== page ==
Teaching Guide: Exploring The Great Gatsby
This teaching guide helps instructors use a specific primary source set, The Great Gatsby by F. Scott Fitzgerald, in the classroom. It offers discussion questions, classroom activities, and primary source analysis tools. It is intended to spark pedagogical creativity by giving a sample approach to the material. Please feel free to share, reuse, and adapt the resources in this guide for your teaching purposes.
Chapter three of The Great Gatsby begins with a list of famous celebrities with “new money” who attended Gatsby’s extravagant party. Marion Davies, a silent film star of the 1920s, would have been the type of person to attend such a bash. What elements in the image of Marion Davies picture are relevant to a “Gatsby party”?
Prohibition prohibited the sale of alcohol. However, alcohol is obviously consumed in large quantities throughout the novel. Look at the pictures that deal with prohibition and compare them to the novel’s treatment of prohibition.
Rumors surround Gatsby and his wealth. Is he a bootlegger? Did he sell counterfeit bonds? What about his connection with Meyer Wolfsheim? Look at the pictures that deal with organized crime. Why do you think this era was fraught with mobsters and gangsters? Connect your idea with textual evidence that supports Gatsby as a man involved in illicit activities.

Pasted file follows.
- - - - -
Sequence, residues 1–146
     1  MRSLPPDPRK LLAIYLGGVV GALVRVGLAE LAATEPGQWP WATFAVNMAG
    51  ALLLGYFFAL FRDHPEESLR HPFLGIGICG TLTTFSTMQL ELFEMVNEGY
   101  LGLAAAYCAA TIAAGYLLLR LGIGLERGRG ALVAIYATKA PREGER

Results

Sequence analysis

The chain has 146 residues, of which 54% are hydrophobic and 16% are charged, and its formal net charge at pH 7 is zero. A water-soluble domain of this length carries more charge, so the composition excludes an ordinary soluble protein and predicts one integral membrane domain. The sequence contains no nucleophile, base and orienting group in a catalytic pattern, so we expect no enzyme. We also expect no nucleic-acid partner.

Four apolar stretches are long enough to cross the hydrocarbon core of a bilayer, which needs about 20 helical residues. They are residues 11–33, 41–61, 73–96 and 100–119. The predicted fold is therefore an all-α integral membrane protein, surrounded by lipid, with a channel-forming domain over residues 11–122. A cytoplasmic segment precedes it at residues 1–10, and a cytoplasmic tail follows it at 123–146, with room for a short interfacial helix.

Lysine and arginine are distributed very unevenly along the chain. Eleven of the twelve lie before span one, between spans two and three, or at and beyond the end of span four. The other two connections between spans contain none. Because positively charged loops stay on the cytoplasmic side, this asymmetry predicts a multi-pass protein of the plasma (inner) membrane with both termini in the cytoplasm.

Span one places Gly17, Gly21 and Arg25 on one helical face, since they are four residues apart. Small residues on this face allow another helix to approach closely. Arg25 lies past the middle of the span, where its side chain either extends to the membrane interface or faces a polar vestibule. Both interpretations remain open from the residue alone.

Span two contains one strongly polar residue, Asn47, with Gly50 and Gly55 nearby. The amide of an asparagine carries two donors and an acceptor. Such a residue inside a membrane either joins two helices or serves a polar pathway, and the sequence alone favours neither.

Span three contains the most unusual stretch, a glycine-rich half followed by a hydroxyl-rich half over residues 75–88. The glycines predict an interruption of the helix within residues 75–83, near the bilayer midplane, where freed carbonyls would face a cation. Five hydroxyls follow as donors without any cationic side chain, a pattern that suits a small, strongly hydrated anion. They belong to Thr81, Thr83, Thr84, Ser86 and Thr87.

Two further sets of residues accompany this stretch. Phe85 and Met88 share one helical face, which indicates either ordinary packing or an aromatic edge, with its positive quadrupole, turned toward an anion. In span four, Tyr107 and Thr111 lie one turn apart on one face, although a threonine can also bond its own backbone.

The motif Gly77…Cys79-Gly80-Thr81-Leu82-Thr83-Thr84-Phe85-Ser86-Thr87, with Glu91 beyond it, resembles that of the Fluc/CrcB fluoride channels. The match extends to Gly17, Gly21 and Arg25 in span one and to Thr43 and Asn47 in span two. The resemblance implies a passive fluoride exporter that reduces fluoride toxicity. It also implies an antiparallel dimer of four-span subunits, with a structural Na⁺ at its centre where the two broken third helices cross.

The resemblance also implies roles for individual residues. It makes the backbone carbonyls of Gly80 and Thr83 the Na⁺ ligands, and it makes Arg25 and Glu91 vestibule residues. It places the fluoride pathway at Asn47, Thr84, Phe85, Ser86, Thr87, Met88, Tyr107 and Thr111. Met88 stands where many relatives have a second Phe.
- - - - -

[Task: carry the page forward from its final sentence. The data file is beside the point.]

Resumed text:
There are two car accidents mentioned in the novel. Thanks to Henry Ford, cars were readily available before roads were safe and traffic laws enforced. The picture of the wrecked 1922 model Chevrolet coach, carrying gallons of alcohol, is similar to the wreck at the end of party in chapter three of The Great Gatsby. Look back at the scene in the novel. How is the picture similar? How is it different?
The Roaring Twenties was a time when women bobbed their hair, shortened their hemlines, and became independent. Gertrude Ederle swam the English Channel faster than most men. How does she symbolize female empowerment in her photograph?
Choose three primary sources and write a newspaper headline for each one. Each headline should connect to at least one event or character in the novel.
For the wrecked 1922 model Chevrolet:
"Another Accident Attributed to Gatsby Party in West Egg!"